Visitors to Florence, Italy, invariably line up in droves to tour the world-famous Cathedral of St. Mary of the Flower, most notable for its soaring dome designed by Filippo Brunelleschi in the early 15th century. The lines frequently snake around the block, even in sweltering summer heat. For those who find the lines a bit too daunting, Florence is also home to another priceless gem: the Museo Galileo, housed in the 11th century Palazzo Castellani along the River Arno.
As the name implies, the museum is dedicated to Galileo Galilei, but the vast collection features all manner of historical scientific instruments and experimental apparatus from the Medici Collection, as well as later artifacts donated by the Lorraine dynasty. Many of them are so expertly made, they qualify as genuine works of art.
The first floor displays all the Galileo artifacts; most notable are two telescopes and a framed objective lens from the telescope through which he first observed the moons of Jupiter. There are also lots of smaller instruments—thermometers, sextants, astrolabes—and plenty of globes, as well as an enormous armillary sphere, designed and built by the Italian astronomer Antonio Santucci.
Among the more fascinating, albeit morbid, artifacts are two of Galileo's fingers, removed from his corpse (along with a tooth and vertebra) by Galileo fans sometime in the 18th century. The two fingers were rediscovered when they turned up at an auction in 2009. Legend has it that after Galileo was forced to recant his views regarding the Copernican system, he defiantly muttered, "E pur si muove" ("And yet it moves"). The story is probably apocryphal, but the phrase pairs nicely with the display of the scientist's middle finger.
The Lorraine Collection is housed on the second floor, with a wide array of instruments and apparatus showcasing the explosion of research into electricity, electromagnetism, and chemistry. Here, one can find beautifully constructed machines illustrating various fundamental physics principles. For example, there is a model of a device known as an Archimedes screw. The concept dates back to ancient Egypt, where it was used to move low-lying water into irrigation ditches. Today the device is used in chocolate fountains, among other applications.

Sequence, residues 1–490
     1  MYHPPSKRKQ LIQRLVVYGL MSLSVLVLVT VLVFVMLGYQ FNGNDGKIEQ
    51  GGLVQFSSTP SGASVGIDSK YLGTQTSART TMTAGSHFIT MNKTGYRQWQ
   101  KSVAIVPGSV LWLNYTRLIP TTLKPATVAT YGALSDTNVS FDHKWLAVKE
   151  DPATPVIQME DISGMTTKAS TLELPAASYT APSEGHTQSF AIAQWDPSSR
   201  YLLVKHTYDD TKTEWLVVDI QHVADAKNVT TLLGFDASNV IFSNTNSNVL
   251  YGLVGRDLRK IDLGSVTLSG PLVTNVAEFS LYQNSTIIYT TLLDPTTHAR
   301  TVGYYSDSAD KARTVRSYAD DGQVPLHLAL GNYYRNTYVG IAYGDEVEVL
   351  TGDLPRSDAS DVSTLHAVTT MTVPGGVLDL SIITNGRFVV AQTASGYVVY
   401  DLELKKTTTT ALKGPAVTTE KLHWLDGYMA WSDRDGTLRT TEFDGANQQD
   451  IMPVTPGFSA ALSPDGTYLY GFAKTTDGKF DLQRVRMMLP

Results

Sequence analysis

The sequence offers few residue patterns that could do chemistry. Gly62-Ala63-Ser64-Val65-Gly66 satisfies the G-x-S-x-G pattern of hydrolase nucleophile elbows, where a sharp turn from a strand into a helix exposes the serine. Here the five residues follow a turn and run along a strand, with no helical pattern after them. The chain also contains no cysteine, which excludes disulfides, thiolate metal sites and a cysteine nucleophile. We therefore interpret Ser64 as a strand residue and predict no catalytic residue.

One of my personal favorite items is a so-called Brachistochronous fall from the mid to late18th century, because it illustrates a knotty mathematical conundrum. Assuming two fixed points, one higher than the other, what shape would a curved path between those points have to be for a rolling ball to reach the lower point the fastest? The solution is a cycloid, which is the curve created by a rolling wheel in a circle. Turn that path upside down and you will get the path of fastest descent. The model on display in the Museo Galileo allows one to test this result by building two tracks: one shaped like a cycloid, the other shaped like the arc of a circle, for comparison. If you roll two balls down each track simultaneously, the one on the cycloid path will reach the bottom first, regardless of where one starts the ball along this curved path.
There is so much to savor in the Museo Galileo collection: a model of a Gravesande column (an intricate pulley system to lift a weight six times greater than the effort applied); a lens-grinding lathe; and several large machines designed for experiments with electricity. There are also several wax models of a baby in the womb in various positions, the better to train doctors to deal with birthing complications, and an elaborate chemistry cabinet that belonged to Grand Duke Peter Leopold. These galleries should give you a taste of what's on offer, until it's once again safe to travel to Florence to see the exhibits firsthand.